It’s the sport Jeff Withey was good at before he came to Kansas. I bet none of y’all had ever heard that before, either. But it’s true!
Some of you may have tried to watch some of the matches over the past couple of years. Maybe you found yourself wondering what was going on down there. Maybe you’re wondering who is on the roster and who to keep an eye on. Well my friends, do not fret any longer, as I will attempt to answer your questions in this short series of two posts.
Let’s start with the basics.
How to Play Volleyball
I assume most of us have a rudimentary knowledge of the game, if from nothing else middle school gym class. A quick summary, courtesy of Strength and Power for Volleyball:
- 6 players on a team, 3 in front and 3 in back.
- Maximum of three hits per side.
- The same player may not hit the ball twice in a row. Exception: A block is not considered a hit.
- The ball may be played off the net during volleys and on serves, unless it hits one of the antenna on either side of the net.
- The line is in-bounds (like tennis, or the opposite of basketball).
- The ball is out if it hits:
* an antennae
* the floor completely outside of the court of play
* any of the net or cables outside of the antennae
* the referee stand or pole
* the ceiling in an area not directly above the court of play
- You can also lose the point if:
* A part of a players body passes under the net to the other team’s court (a point of emphasis in the NCAA this season)
* A player on your team touches or hit the net (exception, if the volleyball hits the net resulting in the net hitting a player)
- You can hit the ball with any part of your body (foot, thigh, face, etc).
- You cannot catch, hold, or throw the ball.
- You cannot block a serve.
- You cannot attack a serve (jump and strike with an overhand swing).
- Back row players cannot come up and block at the net or attack within the 10-foot line.
- The NCAA went to rally scoring in 2001, which means someone wins a point on every serve.
- Players rotate when their team begins serving.
- Rotating is very complicated in college. Or at least I think it is because I’ve been going for five years and I still haven’t figured it out. They don’t do it the way you do in your gym’s open volleyball nights. Yes, the players rotate. They have to start a point in a certain order on the court. But as soon as the serve is struck, they can run around anywhere. Whether you are “front row” (think frontcourt in basketball, closest to the net) or “back row” at the beginning of the point basically determines whether or not you can block or attack at the net.
- Matches are best 3 out of 5 sets. Sets are to 25 points with the exception of the 5th set, which is to 15. Each set must be won by at least two points.
- In college, each team is allowed three video review challenges each per match.
Again, courtesy of Strength and Power for Volleyball:
Attack: Also called a hit, is when you jump and strike the ball with an overhand swing (think throwing a baseball).
Kill: A successful hit by an attacker that results in a point for the attacking team.
Block: Any combination of front-row players may attempt a block with the purpose of preventing an attack from crossing the net.
Dig: When a defender successfully receives an opponent’s attack and passes it to a teammate.
Set: When a player attempts to place the ball near the net so a teammate can attack. Ideally, the set will be close enough to the net for the hitter to have a good swing, but far enough away from the net to avoid a counter-attack.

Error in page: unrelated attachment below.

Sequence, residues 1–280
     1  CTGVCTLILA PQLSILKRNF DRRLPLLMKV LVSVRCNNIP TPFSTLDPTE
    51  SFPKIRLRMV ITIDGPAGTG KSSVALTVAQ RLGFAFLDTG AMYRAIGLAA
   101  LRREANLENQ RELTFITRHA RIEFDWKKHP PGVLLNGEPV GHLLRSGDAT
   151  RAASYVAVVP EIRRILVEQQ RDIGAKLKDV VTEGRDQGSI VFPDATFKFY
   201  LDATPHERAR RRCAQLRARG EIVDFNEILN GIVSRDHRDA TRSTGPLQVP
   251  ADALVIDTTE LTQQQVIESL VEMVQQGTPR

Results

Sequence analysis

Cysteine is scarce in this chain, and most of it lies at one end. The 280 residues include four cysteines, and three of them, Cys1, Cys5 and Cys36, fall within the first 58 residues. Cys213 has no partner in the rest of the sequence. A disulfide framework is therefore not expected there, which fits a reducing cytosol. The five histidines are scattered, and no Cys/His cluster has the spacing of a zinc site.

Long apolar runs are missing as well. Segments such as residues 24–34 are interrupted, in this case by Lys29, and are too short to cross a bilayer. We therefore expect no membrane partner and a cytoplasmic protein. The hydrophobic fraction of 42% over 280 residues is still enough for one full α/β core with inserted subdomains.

Rally: Just like in tennis, the time between the serve and the end of the point.
Double touch: When the same player hits the ball twice in succession, most often called when trying to set with two hands (hands must hit the ball at the same time).
Lift: Similar to a “carry” in basketball, when a player pushes the ball up with their hands without striking it.
Roofing: An illegal block that occurs when the opponent has not used 3 contacts AND they have a player there to make a play on the ball (usually that player is the setter)
Free ball: When a team uses its third hit to send the ball back over the net without an attack.
Again, you have players who specialize in front row and players who specialize in back row. Some players are versatile enough to play all the way around.
Front row players are your Outside Hitters and Middle Blockers. They are, obviously, generally taller players with good leaping abilities. Back row players are generally shorter and quicker and are primarily defensive specialists, although again, some players will rotate around all six positions without being substituted.
The “Libero” is the player you see on the floor wearing a different color jersey. She is generally a defensive specialist. The libero cannot block or attack the ball when it is above the net; therefore, you won’t be seeing a libero in the front row. The libero can sub anywhere into the back row without counting against a team’s substitution limit. (There is a substitution limit per set; I think it’s 12.)
The Setter is a designated player on the court whose job it is to receive every first pass (meaning, the setter would get the second touch), sometimes regardless of where it goes. Some teams will deliberately attack a setter to make her have the first touch, then someone else, usually less experienced at setting, is forced to handle the second hit. Some teams will have two setters on the court for this reason. The setter can be at any position on the court, and is affected only by the rules governing whether she is a front-row or back-row player at the start of a point.
So volleyball basics: Serve, receive, set, attack. Stay in your rotation for serving order. And win three sets before your opponent does!